Botulinum toxin, more commonly known as Botox®, is one of the most effective ways to reduce wrinkles, fine lines, and other signs of aging. Although historically touted as a cosmetic procedure, the latest research on Botox has highlighted several other significant medical benefits.
In Berkeley, CA, for example, Botox training and certification programs are at the forefront of this medical revolution, training technicians in ground-breaking techniques that can resolve everything from back pain to dental woes.
Here are five surprising benefits of Botox you need to know.
- Excessive Sweating Treatment
Excessive perspiration, also known as hyperhidrosis, affects roughly 1% of the population. The condition causes those affected to experience significant sweating of the palms, armpits, and feet, even where no exertion has occurred. Although not dangerous, those impacted often report considerable embarrassment and increased stress in social situations that can lead to a lower quality of life.
Botox can offer effective relief through 10 to 20 small injections to the affected areas. Numbing cream is typically offered to reduce any discomfort. The process works by inhibiting the release of the neurotransmitter, acetylcholine, which stimulates the sweat glands. One treatment can last several months and is non-invasive enough for most clients to return to work right away.
- Migraine Relief
Often accompanied by severe nausea and visual disturbances, migraine headaches can leave sufferers completely unable to engage in their normal daily routines. Since 2010, clinicians have been exploring the use of Botox in treating adults experiencing chronic (15 days per month or more) migraine pain.
When Botox is administered to the head and neck every 12 weeks, patients have reported dramatic improvements in their headache symptoms. One study found that almost half of the individuals who completed two rounds of Botox reported the number of days they experienced a migraine each month was reduced by half.
Although the exact science is still being explored, clinicians speculate that Botox blocks the neurotransmitters responsible for carrying pain signals to the brain, halting them in their tracks before sufferers can register the discomfort.
- Overactive Bladder Treatment
An overactive bladder can be a source of both discomfort and embarrassment. In instances where medication and pelvic floor physiotherapy have not adequately alleviated symptoms, Botox may be a viable treatment option.
To treat the condition, a qualified medical professional injects Botox via a cystoscope (a tiny telescopic camera) into 20 to 30 locations inside the bladder muscle. This process temporarily inhibits the release of acetylcholine, the neurotransmitter responsible for the muscle contractions associated with the urgency to urinate.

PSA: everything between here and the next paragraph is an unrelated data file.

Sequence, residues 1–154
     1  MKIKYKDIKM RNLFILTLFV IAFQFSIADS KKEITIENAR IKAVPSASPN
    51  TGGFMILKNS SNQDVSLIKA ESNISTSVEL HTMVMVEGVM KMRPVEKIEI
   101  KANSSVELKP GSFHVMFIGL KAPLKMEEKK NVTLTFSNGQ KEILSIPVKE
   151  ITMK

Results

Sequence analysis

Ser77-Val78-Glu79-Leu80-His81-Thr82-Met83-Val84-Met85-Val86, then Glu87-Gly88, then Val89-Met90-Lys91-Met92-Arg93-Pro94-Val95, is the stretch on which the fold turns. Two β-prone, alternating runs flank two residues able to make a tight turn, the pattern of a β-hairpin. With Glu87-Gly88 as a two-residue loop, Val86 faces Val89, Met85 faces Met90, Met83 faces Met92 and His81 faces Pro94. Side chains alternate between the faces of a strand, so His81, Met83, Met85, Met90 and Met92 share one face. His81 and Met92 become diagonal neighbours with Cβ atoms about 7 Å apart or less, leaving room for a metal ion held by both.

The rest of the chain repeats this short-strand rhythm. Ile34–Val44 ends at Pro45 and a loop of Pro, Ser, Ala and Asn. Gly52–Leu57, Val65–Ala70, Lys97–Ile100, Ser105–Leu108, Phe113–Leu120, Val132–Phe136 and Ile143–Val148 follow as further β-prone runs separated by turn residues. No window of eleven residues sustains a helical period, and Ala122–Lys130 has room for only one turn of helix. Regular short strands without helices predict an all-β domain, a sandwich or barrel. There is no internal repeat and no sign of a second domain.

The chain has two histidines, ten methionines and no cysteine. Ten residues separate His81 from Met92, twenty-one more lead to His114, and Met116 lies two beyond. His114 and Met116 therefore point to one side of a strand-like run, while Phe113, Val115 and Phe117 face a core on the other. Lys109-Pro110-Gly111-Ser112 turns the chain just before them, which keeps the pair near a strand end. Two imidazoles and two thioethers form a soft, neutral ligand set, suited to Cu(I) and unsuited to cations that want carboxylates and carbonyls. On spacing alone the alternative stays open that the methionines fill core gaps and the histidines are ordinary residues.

The procedure can be completed as day surgery, with the patient under general or local anesthesia. Repeat treatments are generally needed every few months, depending on the severity of the patient’s symptoms.
- TMJ Disorder Management
TMJ (or Temporomandibular Joint Disorder) is a disorder of the temporomandibular joint. The temporomandibular joint connects the skull and jawbone and is necessary for movements such as speaking, chewing, and swallowing. TMJ sufferers typically report frequent tension headaches, bruxism (teeth grinding) and generalized jaw pain.
In severe cases, especially where dental damage is likely, Botox may be recommended off-label. In as little as 15-30 minutes, a licensed practitioner can inject a series of small injections into the forehead, temples, and jaw to relax and release the impacted muscles. Once these muscles are paralyzed, they are less able to unconsciously clench and create the tension responsible for most TMJ pain.
- Blepharospasm Treatment
Around 50,000 people in the U.S. live with blepharospasm, a rare neurological condition that impacts the ability to control the muscles required to open and close the eyelids. In advanced cases, people with blepharospasm may experience such severe symptoms (such as eyelid twitching) that their capacity to drive, watch TV, or even get around independently can be compromised.
Alongside tinted glasses and medication, Botox can be a highly effective treatment option. By administering Botox to the overactive muscles around the eyes, the neurotransmitter in charge of muscle contractions can be temporarily blocked. This can lead to an immediate reduction in the frequency and severity of spasms experienced by patients. Botox treatments for blepharospasm generally last a few months and repeat injections will be required for ongoing management of the condition.
Botox is well known for its ability to improve the appearance of fine lines and wrinkles, but consumers and health professionals are only now discovering the true extent of its other applications. Through ongoing research, we expect to see Botox become a front-line treatment for even more life-altering conditions in 2023 and beyond.